Legal Experience

I have extensive experience in civil litigation and class action cases, including conducting discovery and depositions, calculating damages analysis, preparing motions for certification, writing appellate documents, and overseeing claims administration. We have handled several class actions against retailers where plaintiffs claimed they were forced to purchase clothing to wear to work and were not compensated for these purchases, including against Abercrombie & Fitch, Hugo Boss, Armani Exchange, Uniqlo, Dollar Tree, and Ross. Recently, I was trial counsel in a defamation claim against Bank of America on behalf of a former employee who claimed the Bank blacklisted her with future employers. The jury found Bank of America liable, including for punitive damages.

Personal Interests

Aiman-Smith & Marcy has sponsored me in the Boston Marathon and New York Marathon. When I race, I often wear a “Rockstar Ronan” shirt to support research for childhood cancer through The Ronan Thompson Foundation.


University of California, Berkeley, B.A., 1999

Hastings College of the Law, University of California, J.D., 2004

Randall Aiman-Smith

Abogado (SBN 124599)

Aiman-Smith & Marcy. Oakland consumer fraud attorneys.

Educación y antecedentes

Fui afortunado. A pesar de no haber terminado la escuela secundaria o la universidad, pude -aunque con mucho trabajo- ser admitido y sobresalir en una de las mejores escuelas de derecho del país: La Facultad de Derecho de la Universidad de Berkeley. Mientras estuve allí, tuve el privilegio de ser editor de la California Law Review y miembro del Moot Court Board, asesorando en la redacción de escritos y en la defensa de apelaciones a otros estudiantes. Después de salir de la escuela de derecho, en mis primeros años de práctica, enseñé la escritura legal y la defensa de apelación en la Universidad de California, Hastings College of the Law. También, a lo largo de los años, he sido presentador en eventos de educación legal continua.

Experiencia legal

He sido abogado durante 35 años. He dedicado mi práctica exclusivamente a representar a empleados, consumidores e inversores en los tribunales estatales y federales de primera instancia y en los tribunales de apelación. Me gusta ir a los tribunales por mis clientes y he llevado muchos casos con jurado en los tribunales estatales y federales.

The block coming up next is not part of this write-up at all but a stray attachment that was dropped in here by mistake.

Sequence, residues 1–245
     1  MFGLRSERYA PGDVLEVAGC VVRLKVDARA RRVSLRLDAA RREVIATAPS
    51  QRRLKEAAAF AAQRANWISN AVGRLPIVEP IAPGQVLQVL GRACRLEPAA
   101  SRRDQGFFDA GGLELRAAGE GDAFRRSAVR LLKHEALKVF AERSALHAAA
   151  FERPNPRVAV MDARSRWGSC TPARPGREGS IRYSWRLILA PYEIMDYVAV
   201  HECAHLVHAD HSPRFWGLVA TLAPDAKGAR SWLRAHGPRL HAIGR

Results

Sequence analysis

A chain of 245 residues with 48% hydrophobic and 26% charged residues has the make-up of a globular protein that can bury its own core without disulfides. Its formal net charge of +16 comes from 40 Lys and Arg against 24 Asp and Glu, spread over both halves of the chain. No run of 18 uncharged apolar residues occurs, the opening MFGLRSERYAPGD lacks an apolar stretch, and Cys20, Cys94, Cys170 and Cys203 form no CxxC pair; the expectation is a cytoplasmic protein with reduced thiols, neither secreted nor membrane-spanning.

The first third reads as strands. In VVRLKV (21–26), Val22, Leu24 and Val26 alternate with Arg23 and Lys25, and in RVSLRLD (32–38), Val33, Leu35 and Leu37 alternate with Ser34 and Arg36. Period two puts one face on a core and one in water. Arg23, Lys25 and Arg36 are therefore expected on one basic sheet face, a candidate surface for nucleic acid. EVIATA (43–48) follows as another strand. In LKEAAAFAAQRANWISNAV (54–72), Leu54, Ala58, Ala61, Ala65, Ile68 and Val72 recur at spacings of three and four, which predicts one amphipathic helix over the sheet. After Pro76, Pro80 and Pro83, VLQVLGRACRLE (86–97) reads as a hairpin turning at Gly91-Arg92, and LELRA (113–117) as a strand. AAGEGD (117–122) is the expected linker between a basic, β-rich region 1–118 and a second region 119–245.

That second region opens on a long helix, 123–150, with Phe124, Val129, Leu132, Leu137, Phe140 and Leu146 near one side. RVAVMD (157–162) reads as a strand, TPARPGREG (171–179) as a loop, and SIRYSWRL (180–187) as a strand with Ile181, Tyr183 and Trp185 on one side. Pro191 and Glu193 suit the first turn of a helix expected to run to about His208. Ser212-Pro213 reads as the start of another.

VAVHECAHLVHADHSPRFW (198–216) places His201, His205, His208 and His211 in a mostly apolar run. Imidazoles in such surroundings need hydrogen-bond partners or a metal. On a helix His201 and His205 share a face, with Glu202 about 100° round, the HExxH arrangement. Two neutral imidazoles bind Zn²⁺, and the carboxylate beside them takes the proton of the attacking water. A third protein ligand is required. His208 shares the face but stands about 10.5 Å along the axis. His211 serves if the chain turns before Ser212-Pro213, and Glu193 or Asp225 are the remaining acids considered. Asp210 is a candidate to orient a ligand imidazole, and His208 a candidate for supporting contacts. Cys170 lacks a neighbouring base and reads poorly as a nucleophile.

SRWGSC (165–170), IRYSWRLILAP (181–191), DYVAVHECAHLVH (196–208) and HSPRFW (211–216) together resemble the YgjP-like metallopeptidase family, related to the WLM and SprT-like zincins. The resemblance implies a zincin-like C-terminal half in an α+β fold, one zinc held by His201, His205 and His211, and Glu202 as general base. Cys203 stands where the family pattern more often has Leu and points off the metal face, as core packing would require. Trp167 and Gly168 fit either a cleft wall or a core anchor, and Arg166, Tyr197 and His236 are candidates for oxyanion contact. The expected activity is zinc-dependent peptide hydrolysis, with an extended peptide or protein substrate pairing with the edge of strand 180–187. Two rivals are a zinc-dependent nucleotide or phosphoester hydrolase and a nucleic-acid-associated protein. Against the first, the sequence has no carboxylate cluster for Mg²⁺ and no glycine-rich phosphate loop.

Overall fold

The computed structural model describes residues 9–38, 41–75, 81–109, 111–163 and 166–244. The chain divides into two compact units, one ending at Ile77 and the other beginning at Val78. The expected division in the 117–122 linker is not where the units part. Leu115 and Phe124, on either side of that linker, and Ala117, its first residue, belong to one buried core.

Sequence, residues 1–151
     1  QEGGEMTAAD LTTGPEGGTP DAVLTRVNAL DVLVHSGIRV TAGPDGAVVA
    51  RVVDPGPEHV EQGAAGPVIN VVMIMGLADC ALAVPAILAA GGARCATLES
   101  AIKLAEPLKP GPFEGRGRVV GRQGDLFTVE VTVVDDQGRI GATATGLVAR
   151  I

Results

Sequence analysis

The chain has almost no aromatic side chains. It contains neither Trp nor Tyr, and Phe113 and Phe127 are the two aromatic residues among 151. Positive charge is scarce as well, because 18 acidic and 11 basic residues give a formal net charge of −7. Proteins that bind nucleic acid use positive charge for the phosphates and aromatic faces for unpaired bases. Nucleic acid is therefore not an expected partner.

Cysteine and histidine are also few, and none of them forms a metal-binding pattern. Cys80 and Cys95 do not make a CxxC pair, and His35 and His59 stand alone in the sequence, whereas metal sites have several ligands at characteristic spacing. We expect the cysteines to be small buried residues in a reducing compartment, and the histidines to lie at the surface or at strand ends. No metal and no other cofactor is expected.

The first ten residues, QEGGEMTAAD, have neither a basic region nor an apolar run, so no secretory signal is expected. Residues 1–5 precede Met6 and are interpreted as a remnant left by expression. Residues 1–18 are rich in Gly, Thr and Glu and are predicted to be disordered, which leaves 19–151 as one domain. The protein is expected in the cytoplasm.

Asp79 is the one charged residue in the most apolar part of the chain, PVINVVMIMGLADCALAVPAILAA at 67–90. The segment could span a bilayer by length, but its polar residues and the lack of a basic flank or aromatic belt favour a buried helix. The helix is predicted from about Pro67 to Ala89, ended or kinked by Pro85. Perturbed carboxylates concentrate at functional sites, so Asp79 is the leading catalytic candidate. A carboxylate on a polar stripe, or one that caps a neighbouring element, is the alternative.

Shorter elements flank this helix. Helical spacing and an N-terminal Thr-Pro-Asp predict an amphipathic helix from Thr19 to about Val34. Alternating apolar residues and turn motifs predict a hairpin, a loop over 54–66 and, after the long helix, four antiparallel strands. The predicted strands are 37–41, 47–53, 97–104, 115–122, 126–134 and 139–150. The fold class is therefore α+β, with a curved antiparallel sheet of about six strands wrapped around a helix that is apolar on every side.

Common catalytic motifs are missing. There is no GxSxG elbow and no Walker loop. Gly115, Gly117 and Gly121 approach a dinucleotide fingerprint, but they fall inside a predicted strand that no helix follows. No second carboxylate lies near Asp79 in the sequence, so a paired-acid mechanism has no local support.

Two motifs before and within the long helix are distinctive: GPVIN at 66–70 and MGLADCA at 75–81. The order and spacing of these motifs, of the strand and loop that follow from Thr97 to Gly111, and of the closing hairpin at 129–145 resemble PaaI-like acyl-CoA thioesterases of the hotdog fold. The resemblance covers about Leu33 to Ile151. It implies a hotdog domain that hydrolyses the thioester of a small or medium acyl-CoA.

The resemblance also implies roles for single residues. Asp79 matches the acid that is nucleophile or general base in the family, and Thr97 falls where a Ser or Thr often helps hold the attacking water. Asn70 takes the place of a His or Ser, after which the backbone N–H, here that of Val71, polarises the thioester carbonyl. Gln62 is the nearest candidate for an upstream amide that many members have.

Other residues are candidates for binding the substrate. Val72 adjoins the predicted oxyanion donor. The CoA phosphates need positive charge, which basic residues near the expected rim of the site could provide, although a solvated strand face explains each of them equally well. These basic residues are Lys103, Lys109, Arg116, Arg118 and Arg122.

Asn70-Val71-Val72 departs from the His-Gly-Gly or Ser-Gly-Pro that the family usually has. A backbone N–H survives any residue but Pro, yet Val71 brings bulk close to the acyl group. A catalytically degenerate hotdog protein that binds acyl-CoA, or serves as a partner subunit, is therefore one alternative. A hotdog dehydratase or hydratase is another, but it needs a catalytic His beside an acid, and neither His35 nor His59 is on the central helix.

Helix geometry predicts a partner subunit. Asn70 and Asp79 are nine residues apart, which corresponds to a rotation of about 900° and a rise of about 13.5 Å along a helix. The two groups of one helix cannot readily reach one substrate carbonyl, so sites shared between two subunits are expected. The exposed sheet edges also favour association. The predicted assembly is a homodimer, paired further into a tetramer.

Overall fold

¿Ejemplos? En 2010, fui la abogada principal, junto con los otros abogados del bufete, en el caso Williams v. Union Pacific Railroad donde, después de cuatro años de preparación, el bufete obtuvo un veredicto del jurado de 1.670.000 dólares para una empleada afroamericana. En Rivero v. Surdyka, fui el abogado principal en el juicio y la apelación de un caso de derechos civiles que duró 15 años, incluyendo un juicio completo y tres apelaciones al Noveno Circuito, concluyendo finalmente con una sentencia para los demandantes de más de 2.300.000 dólares. Estos casos ilustran el lema del bufete: compromiso – resultados. Hay que comprometerse con un caso, a veces durante mucho tiempo, para obtener el resultado que el cliente merece.

No siempre ganamos en el juicio. Cuando eso ocurre, el compromiso significa llevar el caso al siguiente nivel y recurrirlo. En el caso Rivero, antes mencionado, eso fue lo que ocurrió: el tribunal desestimó el caso -habíamos perdido- pero apelamos y conseguimos una victoria para nuestros clientes que mantuvimos a través de dos apelaciones más. Desde entonces, el bufete ha conseguido muchas victorias en apelación que reivindican los derechos de los empleados y los consumidores.

A lo largo de los años he sido abogado de los demandantes en numerosos casos individuales y acciones colectivas. Puede sonar cursi, o difícil de creer, pero después de todo este tiempo, y después de todas las grandes experiencias que he tenido, mi parte favorita de ser abogado es cuando consigo dar un cheque a mi cliente.



Facultad de Derecho, Universidad de California, Berkeley, J.D., 1986